See your baby's doctor if your baby spits up after every feeding and has any of the other symptoms listed in this section. If your baby has GERD, continue breastfeeding. Infant formula is harder to digest than breastmilk.
Premature birth or low birth weight
Premature birth (also called preterm birth) is when a baby is born before 37 weeks. Premature babies often have a low birth weight (less than 5½ pounds). Both of these can make it challenging to breastfeed, especially if the baby has to stay in the hospital for extra care. But breastmilk helps premature babies grow and stay healthy.
Some babies can breastfeed right away. This may be true if your baby was born at a low birth weight but after 37 weeks. These babies will need more skin-to-skin contact to help keep warm. These smaller babies may also need to be fed more often because their stomachs are smaller, and they may get sleepier during those feedings.
If your baby is born prematurely and you are not able to breastfeed at first, you can:
• Hand express or pump colostrum in the hospital as soon as you are able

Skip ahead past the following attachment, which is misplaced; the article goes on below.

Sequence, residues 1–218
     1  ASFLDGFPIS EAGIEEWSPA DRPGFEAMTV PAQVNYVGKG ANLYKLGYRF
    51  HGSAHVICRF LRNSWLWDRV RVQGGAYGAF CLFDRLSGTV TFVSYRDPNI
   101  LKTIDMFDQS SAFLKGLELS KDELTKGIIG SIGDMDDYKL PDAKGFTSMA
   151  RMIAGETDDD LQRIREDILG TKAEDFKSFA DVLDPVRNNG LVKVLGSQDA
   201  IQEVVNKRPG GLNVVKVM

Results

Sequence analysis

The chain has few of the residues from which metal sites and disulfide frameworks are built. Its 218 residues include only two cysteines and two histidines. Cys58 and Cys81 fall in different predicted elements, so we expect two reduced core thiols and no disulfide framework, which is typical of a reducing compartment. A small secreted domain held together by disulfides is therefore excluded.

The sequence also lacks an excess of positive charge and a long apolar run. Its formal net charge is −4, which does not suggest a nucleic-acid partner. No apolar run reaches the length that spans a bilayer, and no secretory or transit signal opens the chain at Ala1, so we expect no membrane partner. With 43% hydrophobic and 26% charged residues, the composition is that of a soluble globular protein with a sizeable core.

• Talk to the hospital staff about renting an electric pump. Call your insurance company or the local Women, Infants and Children (WIC) office to find out whether insurance will pay for rental of this type of pump. Most insurance plans must cover the cost of a breast pump, but different insurance plans will cover different types of pumps.
• Pump milk as often as you would normally breastfeed — about eight times in a 24-hour period (every 3 hours).
• Give your baby skin-to-skin contact once your baby is ready to breastfeed directly. This can be very calming and a great start to your first feeding. Be sure to work with a lactation consultant on proper latch and positioning. It may take some time for you and your baby to get into a good routine.
Many infants are fussy in the evenings, but if the crying does not stop and gets worse throughout the day or night, it may be caused by colic (KOL-ik). Colic usually starts between 2 and 4 weeks of age. A baby may cry inconsolably or scream, extend or pull up his or her legs, and pass gas. The baby's stomach may be enlarged. Crying can happen at any time, although it often gets worse in the early evening.
Colic will probably get better or disappear by the age of 3 or 4 months. Doctors don't know why some babies get colic. Some breastfed babies may be sensitive to certain foods their mother eats, like caffeine, chocolate, dairy, or nuts. Colic could be a sign of a medical problem, such as a hernia or some type of illness.